Environmental groups are fearful that a new blueprint for the 1.1-million-acre George Washington National Forest will open the largest federally protected forest in the East to a form of natural gas drilling that has spawned its own environmental movement.
When the Environmental Protection Agency abruptly retreated on its multimillion-dollar investigation into water contamination in a central Wyoming natural gas field last month, it shocked environmentalists and energy industry supporters alike.
In 2011, the agency had issued a blockbuster draft report saying that the controversial practice of fracking was to blame for the pollution of an aquifer deep below the town of Pavillion, Wy. – the first time such a claim had been based on a scientific analysis.
At Allegheny College, students eat locally grown food from biodegradable containers using compostable forks.
Just 90 miles north of Pittsburgh, the private, liberal-arts college has won national awards for green initiatives, gets all its electricity from wind generation and has a goal of carbon neutrality by 2020.
Now, the school touted in the Princeton Review’s guide to green colleges as a leader of environmental friendliness, is talking about leasing land for fracking, the horizontal drilling technique used to get gas from shale.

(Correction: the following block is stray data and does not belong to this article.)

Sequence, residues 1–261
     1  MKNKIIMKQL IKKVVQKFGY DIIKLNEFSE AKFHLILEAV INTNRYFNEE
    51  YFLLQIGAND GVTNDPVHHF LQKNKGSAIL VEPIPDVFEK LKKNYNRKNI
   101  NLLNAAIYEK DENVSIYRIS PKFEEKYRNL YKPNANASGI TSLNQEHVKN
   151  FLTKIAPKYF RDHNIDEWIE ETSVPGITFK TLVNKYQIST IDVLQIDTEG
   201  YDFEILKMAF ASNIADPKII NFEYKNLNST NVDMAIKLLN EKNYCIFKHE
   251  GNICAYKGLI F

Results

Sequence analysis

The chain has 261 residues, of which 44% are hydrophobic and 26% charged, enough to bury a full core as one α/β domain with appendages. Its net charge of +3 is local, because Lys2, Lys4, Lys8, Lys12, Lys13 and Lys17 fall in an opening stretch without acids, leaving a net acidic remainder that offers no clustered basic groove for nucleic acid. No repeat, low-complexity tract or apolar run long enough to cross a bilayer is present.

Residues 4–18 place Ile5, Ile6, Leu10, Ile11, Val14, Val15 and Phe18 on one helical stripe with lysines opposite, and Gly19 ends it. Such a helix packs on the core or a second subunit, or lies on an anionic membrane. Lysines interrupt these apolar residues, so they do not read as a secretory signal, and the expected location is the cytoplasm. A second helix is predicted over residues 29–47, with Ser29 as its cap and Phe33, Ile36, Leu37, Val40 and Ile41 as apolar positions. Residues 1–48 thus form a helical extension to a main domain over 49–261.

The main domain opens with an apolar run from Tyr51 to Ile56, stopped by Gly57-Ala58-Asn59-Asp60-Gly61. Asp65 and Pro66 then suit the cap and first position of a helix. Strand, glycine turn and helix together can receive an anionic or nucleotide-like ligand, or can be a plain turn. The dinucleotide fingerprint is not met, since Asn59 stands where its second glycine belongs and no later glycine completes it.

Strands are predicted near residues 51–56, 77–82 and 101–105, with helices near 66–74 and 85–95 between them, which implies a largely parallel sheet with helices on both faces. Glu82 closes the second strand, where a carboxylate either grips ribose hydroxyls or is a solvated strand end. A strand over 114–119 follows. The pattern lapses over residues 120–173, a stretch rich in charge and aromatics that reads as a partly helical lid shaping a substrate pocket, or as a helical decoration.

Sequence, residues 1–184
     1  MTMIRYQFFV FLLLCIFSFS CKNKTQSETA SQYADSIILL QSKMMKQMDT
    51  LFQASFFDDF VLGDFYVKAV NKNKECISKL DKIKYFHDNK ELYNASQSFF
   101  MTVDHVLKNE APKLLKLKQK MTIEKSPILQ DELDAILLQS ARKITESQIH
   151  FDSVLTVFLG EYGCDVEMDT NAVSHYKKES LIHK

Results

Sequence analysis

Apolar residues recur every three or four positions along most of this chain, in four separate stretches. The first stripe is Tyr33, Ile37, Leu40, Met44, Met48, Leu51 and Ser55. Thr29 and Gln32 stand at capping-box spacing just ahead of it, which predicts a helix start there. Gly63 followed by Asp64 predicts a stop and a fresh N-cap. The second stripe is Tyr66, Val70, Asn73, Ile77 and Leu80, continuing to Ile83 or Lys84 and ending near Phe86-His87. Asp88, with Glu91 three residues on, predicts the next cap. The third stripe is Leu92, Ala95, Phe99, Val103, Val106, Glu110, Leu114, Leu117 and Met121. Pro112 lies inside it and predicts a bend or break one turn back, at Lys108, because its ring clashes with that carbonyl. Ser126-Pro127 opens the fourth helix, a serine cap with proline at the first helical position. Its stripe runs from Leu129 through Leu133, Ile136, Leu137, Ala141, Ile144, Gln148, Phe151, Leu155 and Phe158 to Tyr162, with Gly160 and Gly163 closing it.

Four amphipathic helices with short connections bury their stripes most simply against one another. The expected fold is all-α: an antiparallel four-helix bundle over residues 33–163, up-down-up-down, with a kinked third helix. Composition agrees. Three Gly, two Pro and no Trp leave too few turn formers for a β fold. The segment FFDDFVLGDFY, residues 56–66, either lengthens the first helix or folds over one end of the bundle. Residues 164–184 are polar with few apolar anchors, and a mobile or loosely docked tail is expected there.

America is in the midst of the biggest onshore oil and gas rush in recent history, with excitement spreading across the U.S. Oil and gas companies have cashed in on this frenzied excitement by courting huge investment domestically and abroad.
But a growing chorus of independent analysts and law enforcement agencies have their doubts and have questioned whether shale drillers are overhyping their financial prospects and overestimating how much oil or gas they can profitably pull from the ground. Just this week, one of America’s biggest agricultural lenders, the Netherlands-based Rabobank, announced that it would no longer lend money to companies that invest in shale gas extraction (nor to farmers worldwide who lease their land to these drillers).
On the eve of Independence Day, when I’d like to celebrate everything I love about America, I got a powerful reminder of something I don’t like: efforts by a polluting industry–and its friends in government–to squash scientific investigation intending to determine whether people are being harmed by toxic contamination of their drinking water.
Fracking – maybe you’ve heard of it? From exemptions to environmental regulations to contaminating our water, air, and communities to an Oscar-nominated documentary and a sequel, fracking has dominated our debate about fossil fuels lately. Here’s the thing – while we’ve (rightly) been debating fracking, other potentially equally risky forms of fossil fuel extraction are being used. And we don’t know much about them.
The fracking rush in the heartland may have been unleashed by ill-conceived regulatory measures last month, but frontline organizations and citizen groups in southern Illinois are not throwing in the towel—or even taking vacations this summer.
Welcome to Fracking Independence Days.